In mathematical principle, I agree, triangles are good. In reality, because humans (from a front view, looking solely on a 2d plane) are more rectangle-shaped, generally, than triangle-shaped, it becomes difficult to design triangles around humans. Also, because gravity vectors tend to run at a 90 degree vertical orientation from the flat plane of the ground, it is more useful to have objects with a series of 90 degree bends so that you have one part upright and one part resting against the ground (a-la frames for doors, and indeed full houses). As someone else mentioned, hanging and trying to get through a triangular door would be horribly, needlessly complicated and would be a similarly difficult thing to mount properly so that it wouldn t slam shut the moment you opened it.
It could be
done, but why go through all those hurdles when you can just slap an 8 x4 rectangle in there and be done? Also, for things where you need to join things together and maintain a similar relative shape, I believe rectangles come out on top. Imagine trying to make a longer piece of paper if they were all triangular; you could do it once by gluing a bottom to a bottom, and then you have a diamond and can t expand downward without first expanding outward. Not only does a rectangle keep all of your margins justified and a consistent page-width, but if you need more length for something you can just glue another sheet to the bottom ad infinitum.
While I am a big fan of triangles in engineering (they make wonderful support structures for bridges and the like, and are an essential overall shape in aerodynamic design), for many purposes in most peoples everyday lives, rectangles are better suited. A tetrahedron composed of steel beams is very strong to shear forces, where a cube would easily collapse without other supports. On the other hand, when it comes to compression forces A cube will have four beams supporting each face and a tetrahedron would only have three. Even then, when a compression force is applied to a face, each steel beam in of itself is stronger to forces parallel to the the length of the beam versus perpendicular to its length.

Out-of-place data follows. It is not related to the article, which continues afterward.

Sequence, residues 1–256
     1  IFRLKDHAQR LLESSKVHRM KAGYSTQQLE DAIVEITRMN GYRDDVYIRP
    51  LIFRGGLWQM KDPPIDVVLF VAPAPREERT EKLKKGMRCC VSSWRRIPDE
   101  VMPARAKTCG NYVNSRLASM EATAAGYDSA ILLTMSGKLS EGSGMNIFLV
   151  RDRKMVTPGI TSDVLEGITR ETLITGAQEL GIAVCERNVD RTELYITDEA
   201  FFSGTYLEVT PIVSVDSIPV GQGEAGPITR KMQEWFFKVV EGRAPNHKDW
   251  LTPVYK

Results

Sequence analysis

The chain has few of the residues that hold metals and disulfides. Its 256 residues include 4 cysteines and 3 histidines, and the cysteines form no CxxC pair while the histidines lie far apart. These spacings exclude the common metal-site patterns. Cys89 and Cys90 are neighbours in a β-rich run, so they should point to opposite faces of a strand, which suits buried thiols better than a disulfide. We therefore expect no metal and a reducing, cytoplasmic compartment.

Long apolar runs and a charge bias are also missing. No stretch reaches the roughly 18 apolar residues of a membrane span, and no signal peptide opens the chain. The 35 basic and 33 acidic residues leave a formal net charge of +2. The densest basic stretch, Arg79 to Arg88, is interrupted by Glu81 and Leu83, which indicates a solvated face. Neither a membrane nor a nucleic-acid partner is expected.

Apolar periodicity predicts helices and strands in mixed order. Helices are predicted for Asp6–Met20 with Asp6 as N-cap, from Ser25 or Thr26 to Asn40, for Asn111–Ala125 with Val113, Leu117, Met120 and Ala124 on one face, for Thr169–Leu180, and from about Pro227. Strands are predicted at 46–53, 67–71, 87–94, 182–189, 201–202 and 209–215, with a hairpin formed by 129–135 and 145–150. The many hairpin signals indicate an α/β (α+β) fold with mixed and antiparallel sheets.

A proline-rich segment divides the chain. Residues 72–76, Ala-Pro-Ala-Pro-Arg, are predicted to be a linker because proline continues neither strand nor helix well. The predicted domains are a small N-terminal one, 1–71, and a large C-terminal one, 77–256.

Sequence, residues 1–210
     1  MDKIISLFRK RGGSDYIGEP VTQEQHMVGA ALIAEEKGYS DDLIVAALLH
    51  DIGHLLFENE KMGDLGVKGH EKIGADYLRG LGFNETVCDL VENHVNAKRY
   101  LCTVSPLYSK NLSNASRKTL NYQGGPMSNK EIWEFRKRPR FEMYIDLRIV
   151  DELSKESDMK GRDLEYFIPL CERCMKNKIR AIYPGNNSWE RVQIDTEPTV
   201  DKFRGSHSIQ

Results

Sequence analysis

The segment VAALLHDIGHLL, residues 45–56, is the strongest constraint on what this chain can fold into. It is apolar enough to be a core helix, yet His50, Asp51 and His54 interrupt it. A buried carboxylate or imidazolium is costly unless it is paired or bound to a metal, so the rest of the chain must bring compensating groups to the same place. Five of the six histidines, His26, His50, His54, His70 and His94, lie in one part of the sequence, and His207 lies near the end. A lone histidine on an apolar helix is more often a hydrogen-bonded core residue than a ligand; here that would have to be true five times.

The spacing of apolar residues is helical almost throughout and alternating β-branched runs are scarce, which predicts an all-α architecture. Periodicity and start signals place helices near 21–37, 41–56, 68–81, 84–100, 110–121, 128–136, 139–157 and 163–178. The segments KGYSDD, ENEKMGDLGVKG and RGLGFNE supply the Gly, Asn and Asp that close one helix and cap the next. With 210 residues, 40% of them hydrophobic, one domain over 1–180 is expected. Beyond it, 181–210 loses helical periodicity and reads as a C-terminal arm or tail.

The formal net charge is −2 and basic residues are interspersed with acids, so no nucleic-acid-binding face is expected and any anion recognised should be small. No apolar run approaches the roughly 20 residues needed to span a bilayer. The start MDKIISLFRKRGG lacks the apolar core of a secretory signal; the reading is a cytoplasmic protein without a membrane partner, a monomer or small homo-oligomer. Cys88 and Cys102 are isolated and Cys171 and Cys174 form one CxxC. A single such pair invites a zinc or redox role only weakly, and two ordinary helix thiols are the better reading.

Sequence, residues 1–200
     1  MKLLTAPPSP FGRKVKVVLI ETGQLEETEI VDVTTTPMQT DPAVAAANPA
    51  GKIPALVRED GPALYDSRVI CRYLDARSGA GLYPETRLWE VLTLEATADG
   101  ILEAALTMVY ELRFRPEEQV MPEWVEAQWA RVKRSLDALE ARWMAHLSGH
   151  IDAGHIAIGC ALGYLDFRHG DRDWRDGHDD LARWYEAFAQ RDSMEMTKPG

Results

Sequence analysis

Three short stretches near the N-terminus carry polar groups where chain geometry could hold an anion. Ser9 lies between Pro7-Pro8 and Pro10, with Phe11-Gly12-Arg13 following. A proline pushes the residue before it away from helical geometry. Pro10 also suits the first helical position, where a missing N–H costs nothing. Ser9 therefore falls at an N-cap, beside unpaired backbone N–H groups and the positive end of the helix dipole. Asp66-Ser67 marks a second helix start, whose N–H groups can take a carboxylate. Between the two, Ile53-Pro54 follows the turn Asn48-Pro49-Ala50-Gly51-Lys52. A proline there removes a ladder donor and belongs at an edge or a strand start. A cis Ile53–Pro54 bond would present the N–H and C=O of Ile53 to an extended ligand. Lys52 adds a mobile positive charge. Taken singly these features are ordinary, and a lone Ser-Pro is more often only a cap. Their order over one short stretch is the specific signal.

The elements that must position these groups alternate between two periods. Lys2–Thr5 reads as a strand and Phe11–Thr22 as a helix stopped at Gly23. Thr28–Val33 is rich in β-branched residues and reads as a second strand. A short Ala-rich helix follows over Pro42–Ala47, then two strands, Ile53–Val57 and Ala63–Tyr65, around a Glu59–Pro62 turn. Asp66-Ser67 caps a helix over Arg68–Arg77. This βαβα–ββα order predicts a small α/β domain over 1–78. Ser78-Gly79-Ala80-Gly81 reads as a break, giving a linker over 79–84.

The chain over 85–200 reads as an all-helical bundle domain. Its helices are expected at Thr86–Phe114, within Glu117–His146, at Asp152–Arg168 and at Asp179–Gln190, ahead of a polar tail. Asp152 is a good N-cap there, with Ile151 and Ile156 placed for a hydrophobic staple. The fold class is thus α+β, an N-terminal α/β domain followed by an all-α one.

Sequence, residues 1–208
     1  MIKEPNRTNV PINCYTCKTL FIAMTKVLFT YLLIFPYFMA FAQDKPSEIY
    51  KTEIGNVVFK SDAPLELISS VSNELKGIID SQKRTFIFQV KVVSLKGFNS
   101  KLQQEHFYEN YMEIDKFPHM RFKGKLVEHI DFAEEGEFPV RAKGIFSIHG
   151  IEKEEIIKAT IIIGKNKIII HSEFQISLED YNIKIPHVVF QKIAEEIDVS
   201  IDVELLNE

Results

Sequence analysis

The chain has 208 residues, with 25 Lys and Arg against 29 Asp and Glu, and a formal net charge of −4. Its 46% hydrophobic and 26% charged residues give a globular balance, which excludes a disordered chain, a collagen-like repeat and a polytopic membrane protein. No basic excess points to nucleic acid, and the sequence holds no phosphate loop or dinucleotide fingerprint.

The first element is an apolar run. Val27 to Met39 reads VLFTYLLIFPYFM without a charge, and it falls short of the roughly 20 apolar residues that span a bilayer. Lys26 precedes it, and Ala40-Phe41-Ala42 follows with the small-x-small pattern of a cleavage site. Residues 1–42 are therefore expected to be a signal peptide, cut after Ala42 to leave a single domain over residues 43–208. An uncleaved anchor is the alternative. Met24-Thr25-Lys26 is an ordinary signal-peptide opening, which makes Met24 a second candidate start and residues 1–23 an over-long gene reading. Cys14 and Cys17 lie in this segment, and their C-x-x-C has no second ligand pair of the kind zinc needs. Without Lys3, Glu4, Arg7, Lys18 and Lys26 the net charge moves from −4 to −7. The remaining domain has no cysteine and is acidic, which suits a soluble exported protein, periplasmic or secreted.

A tetrahedron\’s supporting beams would be diagonal to the pressure and contrast with a cube\’s 4 support beams in parallel with the direction of force. Now when dealing with solids, and assuming the same random non crystalline internal structure between a tetrahedron and a cube, a tetrahedron sitting with one face on the ground will have one point facing up. The the tetrahedron highest point will be comparatively weak to oppose a compression force acting on it, and contrast with the same force applied to a much larger area of face of a cube. Both tetrahedron and cube would be about the same if the force is applied to it were applied to only a little point.